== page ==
25th February 2020

Harness your Focus in 5 Easy Steps

We live in a world full of distraction where everything is competing for our attention. It makes it really hard for us to focus on one task and see it through to completion before starting something else. However, if we were able to give every piece of work our undivided attention, research shows that efficiency and quality of work would both significantly increase [1]. Therefore, we must learn how to do this in order to achieve our full potential. How might you do this you may ask? Read on to find out…

What is focus?

The definition of focus is “the main or central point of something, especially of attention or interest”[2]. To be focused means you have a clear vision of your future goals and objectives and you are solely focused on one activity to achieve these goals. You commit your time and resources to progress towards these goals in any given moment and you successfully shut out all other distractions. You have the ability to focus your mind on one thing and sustain it there.

When you are not in a state of focus you are distracted; you will often jump about from one task to another and will often avoid doing the most important tasks. In the current world we live in, it is so much easier to be distracted as we are continuously bombarded with notifications, emails, telephone calls, texts etc in the workplace.

How focused are we as a workforce?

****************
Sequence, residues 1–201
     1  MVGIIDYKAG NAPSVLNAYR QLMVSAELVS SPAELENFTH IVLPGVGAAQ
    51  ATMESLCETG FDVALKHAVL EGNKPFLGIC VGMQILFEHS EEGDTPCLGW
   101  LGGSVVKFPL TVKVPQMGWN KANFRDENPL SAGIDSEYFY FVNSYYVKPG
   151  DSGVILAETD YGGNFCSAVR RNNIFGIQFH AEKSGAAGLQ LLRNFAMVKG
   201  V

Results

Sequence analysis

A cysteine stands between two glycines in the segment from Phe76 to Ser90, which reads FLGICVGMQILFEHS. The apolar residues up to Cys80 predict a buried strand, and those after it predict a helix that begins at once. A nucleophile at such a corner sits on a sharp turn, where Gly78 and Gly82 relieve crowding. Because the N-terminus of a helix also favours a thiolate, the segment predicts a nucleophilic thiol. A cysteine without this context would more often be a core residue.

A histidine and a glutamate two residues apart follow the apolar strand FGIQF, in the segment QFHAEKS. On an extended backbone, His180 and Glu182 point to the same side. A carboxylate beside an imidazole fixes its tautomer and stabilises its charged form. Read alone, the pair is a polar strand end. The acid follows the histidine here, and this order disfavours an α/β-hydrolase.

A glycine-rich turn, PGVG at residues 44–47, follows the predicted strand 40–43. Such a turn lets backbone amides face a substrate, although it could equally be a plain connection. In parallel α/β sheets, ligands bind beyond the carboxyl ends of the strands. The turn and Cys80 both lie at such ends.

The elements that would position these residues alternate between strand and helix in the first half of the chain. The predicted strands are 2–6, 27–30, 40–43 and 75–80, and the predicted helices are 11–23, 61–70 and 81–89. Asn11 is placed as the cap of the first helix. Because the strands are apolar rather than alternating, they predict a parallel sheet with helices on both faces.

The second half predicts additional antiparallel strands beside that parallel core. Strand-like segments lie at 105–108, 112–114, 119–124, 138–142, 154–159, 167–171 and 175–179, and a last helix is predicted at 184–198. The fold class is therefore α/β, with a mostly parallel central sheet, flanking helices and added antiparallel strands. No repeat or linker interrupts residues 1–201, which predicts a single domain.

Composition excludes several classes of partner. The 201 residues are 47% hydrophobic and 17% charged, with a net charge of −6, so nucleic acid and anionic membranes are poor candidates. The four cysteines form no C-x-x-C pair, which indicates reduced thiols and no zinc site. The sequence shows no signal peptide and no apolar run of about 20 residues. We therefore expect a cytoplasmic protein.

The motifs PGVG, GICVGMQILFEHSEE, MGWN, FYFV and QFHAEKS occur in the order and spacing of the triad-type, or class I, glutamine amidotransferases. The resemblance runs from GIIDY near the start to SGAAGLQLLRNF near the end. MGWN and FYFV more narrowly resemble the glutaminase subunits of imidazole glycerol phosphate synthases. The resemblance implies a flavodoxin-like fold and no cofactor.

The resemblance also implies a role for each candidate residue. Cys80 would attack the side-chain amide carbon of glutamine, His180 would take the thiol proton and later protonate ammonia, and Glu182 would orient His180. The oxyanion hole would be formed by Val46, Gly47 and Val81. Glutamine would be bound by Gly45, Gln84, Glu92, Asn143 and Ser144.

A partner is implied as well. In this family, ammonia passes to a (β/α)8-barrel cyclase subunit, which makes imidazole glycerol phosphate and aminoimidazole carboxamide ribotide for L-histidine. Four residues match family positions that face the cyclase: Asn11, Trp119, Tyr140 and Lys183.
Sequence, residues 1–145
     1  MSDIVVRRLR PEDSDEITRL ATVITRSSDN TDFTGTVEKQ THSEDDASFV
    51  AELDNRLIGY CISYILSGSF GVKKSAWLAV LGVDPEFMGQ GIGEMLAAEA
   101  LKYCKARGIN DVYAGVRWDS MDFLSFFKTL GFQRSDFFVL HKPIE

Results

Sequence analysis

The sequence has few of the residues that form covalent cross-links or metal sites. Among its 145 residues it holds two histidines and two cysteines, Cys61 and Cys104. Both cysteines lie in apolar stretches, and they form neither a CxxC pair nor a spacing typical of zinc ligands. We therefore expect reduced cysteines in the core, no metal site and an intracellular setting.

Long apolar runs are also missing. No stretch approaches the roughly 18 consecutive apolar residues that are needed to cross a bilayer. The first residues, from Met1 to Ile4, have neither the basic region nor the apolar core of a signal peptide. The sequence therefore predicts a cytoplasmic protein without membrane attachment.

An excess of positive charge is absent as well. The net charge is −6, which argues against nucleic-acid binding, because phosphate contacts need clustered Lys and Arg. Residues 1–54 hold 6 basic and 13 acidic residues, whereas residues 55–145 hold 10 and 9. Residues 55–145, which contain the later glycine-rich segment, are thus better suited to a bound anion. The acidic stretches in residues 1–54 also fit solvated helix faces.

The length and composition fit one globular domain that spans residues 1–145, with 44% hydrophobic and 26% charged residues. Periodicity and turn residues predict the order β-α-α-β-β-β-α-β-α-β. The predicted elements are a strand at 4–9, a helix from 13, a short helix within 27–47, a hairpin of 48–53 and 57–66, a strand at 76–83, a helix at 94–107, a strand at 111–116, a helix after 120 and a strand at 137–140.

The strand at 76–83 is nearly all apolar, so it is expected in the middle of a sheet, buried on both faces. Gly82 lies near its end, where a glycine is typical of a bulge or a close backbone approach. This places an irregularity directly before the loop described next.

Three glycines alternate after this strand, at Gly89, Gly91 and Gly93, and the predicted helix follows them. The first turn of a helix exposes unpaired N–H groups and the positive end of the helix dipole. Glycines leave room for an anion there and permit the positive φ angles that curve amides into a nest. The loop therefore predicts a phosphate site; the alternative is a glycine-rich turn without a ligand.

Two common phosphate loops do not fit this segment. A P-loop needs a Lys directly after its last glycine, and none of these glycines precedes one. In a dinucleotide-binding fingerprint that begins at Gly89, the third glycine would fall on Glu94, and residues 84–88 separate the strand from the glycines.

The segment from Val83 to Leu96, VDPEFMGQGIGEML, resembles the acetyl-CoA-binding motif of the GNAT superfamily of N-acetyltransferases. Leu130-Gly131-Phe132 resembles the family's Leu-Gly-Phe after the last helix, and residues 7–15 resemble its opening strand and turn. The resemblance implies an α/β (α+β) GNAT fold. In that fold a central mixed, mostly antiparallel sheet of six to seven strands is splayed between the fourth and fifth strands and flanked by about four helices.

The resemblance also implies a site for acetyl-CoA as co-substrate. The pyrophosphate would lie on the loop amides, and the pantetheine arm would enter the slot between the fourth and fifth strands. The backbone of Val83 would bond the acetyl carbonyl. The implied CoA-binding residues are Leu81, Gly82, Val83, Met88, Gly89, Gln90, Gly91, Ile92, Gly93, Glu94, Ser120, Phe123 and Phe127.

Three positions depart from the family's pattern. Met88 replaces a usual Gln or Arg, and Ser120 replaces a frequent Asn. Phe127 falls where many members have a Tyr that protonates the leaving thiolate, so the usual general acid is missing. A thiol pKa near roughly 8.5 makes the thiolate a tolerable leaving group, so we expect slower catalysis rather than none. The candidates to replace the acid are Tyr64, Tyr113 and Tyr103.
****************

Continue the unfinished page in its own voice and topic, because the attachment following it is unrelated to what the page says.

Research shows that employees are only productive for an average of 2.53 hours of an 8-hour working day which demonstrates just how unfocused we are [1]. Therefore, we need to understand the factors associated with interruptions and subsequent switch of work tasks.

‘Work fragmentation’ is the formal definition for the concept of breaks in continuous work activity, i.e. spending short amounts of time in tasks and switching frequently. Switching between tasks can sometimes be beneficial as it can be refreshing and help one develop new ideas, however, typically workers tend to switch too often which is detrimental and lead to low level accomplishment.

In 2005, Mark, Gonzalez and Harris researched focus and the concept of ‘work fragmentation’. They conducted detailed observations of information workers to fully understand the effects of work fragmentation. The key findings of their research are shown below:

  • On average, people work on a task for 11 minutes and 4 seconds before switching to another task or being interrupted
  • Once someone switches a task, it takes them an average of two other intervening activities and 25 minutes before they return to the original task
  • Of the tasks that were disrupted, only 77% of the work was resumed on the same day

In addition, Spria and Feintuch (2005) also investigated the cost of lack of focus on employee productivity [3]. Their key findings are shown below:

  • Each year $588 billion dollars are lost in America due to lack of focus
  • 28% of each day is lost by American employees due to interruptions. This equates to 28 billion hours each year

Therefore, it is clear that there is a huge cost associated with distracted employees so it is really important to think of ways in which we can reduce interruptions and increase time spent focused on work.

What can we do to increase focus?